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[June 11, 2013]
Research and Markets Adds Report: United States Smart Grid: Utility Electric Vehicle Tariffs Volume II: Summer 2012
Jun 11, 2013 (Close-Up Media via COMTEX) -- Research and Markets has announced the addition of the "United States Smart Grid: Utility Electric Vehicle Tariffs Volume II: Summer 2012" report to its offerings.
In a release, Research and Markets noted that report highlights include: Electric utilities in the US are struggling with a number of challenges related to EVs, from determining which infrastructure upgrades may be required on their distribution systems to assessing which tariff structures are most effective. As the first wave of EVs hits the US market, utilities have begun launching EV tariffs. Northeast Group first published its benchmark and analysis of these EV tariffs and their implications for utilities and EV owners in July 2011. This second volume of the benchmark includes EV tariffs from 14 new utilities, as well as additional analysis of the implications of these tariffs.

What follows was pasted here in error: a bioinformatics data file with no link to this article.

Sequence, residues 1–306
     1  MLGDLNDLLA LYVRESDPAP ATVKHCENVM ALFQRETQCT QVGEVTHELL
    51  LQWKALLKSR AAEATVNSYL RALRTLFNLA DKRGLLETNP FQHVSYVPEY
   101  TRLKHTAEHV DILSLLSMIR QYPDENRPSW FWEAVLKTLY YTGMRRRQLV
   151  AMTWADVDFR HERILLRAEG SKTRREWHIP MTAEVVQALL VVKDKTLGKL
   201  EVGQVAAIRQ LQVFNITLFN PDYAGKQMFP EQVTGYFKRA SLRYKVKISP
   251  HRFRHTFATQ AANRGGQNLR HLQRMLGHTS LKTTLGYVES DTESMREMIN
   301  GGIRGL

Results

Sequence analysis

As of June 30th 2012, 22 utilities across the US have launched EV tariffs. Unsurprisingly, many of the utilities are located in California and Michigan. California utilities are at the forefront of several smart grid initiatives, while Michigan utilities are eager to support automobile manufacturers working on transitioning their production lines to EVs.
Overall, electric vehicles are becoming increasingly popular, but even with tax rebates the upfront costs of electric vehicles are still higher than conventional vehicles. In order to make up the difference, EVs must offer even greater savings in fuel expenses, which is where EV tariffs will play a critical role. EVs are cheaper to fuel compared with conventional vehicles, even under standard electricity tariffs. But customers fueling during off peak hours with EV tariffs can save even more, helping to reduce the payback period for electric vehicles. For electric vehicles to continue to grow in popularity, utilities will have to offer their customers attractive tariff options. EV penetration rates are highest in states with electric vehicle tariffs. Utilities and regulatory commissions across the country will need to increase the number of electric vehicle tariffs available in order to make EVs more attractive for customers.
Key Topics Covered: 1. Key findings 2. Background 3. The EV market and tariffs in 2012 4. Tariff structures: time-of-use and flat rate 5. Issues related to tariff structures 6. Benchmark of US utility EV tariffs 7. Scenario analysis: tariffs compared 8. More EV tariffs on their way 9. Appendix: EV tariffs offered by US utilities in 2012 Report information: researchandmarkets.com/research/65chgk/united_states ((Comments on this story may be sent to firstname.lastname@example.org))
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